14 January 2007

Speaking of Richard Donner...

I started cataloging my DVD collection this weekend, and came across a Richard Donner movie that most folks may have missed. Ladyhawke
was made in 1985, and I have to admit, it shows a bit. Now, you're probably thinking that any movie that stars Rutger Hauer and Matthew Broderick is questionable at best, and you'd be right. On the other hand, Michelle Pfeiffer is one of the greatest actresses of the 20th century, and one of the most beautiful women. As soon as she comes on screen, you forget all about the cheesy 80's synth score and Broderick's fake accent, and the film becomes all about the title character, a beautiful lady cursed by a jealous and powerful suitor to live half her life, the daylight half, as a hawk, while her lover is transformed by night into a wolf, so that they are eternally separated.

As I said, the movie certainly has its flaws. The DVD is also not terrific. The print is a bit rough, and it's mastered as 4:3 letter-boxed rather than the superior 16:9 enhanced version, which doesn't help. There are no extras to speak of, just production notes. This DVD was an early release, before studios knew what to do with the format. I would love to see a remastered special edition, but I'm not holding my breath.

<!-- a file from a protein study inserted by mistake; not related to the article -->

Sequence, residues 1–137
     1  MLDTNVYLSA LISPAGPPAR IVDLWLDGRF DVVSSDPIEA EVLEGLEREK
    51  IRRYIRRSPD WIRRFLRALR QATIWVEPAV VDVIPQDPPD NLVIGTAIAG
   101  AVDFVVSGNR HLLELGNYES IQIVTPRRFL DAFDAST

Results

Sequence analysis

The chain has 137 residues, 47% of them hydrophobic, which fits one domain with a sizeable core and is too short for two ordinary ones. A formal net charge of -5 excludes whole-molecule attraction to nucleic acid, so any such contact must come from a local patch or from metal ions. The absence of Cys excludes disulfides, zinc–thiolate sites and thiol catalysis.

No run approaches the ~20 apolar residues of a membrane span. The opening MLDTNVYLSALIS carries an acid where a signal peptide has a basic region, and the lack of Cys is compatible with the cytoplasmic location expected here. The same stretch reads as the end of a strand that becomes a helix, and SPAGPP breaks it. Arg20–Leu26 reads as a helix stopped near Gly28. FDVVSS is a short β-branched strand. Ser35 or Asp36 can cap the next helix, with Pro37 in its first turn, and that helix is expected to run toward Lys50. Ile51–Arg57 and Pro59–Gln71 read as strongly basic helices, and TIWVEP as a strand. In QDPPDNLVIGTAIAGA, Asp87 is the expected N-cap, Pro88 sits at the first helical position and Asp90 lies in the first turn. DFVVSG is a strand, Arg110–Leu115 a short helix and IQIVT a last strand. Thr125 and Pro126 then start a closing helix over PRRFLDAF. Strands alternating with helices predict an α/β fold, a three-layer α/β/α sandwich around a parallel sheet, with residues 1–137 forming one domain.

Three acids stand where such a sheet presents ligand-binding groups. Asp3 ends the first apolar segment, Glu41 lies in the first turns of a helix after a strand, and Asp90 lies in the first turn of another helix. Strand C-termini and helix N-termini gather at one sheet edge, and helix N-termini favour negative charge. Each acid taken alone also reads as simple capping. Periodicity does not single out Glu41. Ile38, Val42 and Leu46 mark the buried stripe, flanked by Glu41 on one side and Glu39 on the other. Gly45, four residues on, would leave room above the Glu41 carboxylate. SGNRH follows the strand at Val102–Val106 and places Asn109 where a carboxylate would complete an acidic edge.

What Ladyhawke has going for it is an involving, compelling love story that drives into your heart and pulls you in despite yourself. You sympathize with Hauer's Navarre, and instantly fall in love with Pfeiffer's Isabeau. If you're not careful, you might even find yourself liking Broderick's rascal Phillipe "the mouse". The lovers are torn apart by a curse, and you feel their ache to be reunited, as well as Navarre's urge for vengeance. You even feel Phillipe's conflicting fear of involvement in magical matters and desire to assist the hero in his quest.

Whether a movie's budget is a hundred million or just a hundred dollars, ultimately it is the story and its characters that define its success. By that measure, I find Ladyhawke to be a worthy endeavor, and well worth viewing.

Just don't buy the soundtrack album. Yikes. :)

P.S. For the truly movie obsessed, this film plays a role in another Richard Donner film, Conspiracy Theory, when a chase scene takes the characters through a movie theater where the climactic scene of Ladyhawke is playing on the screen.

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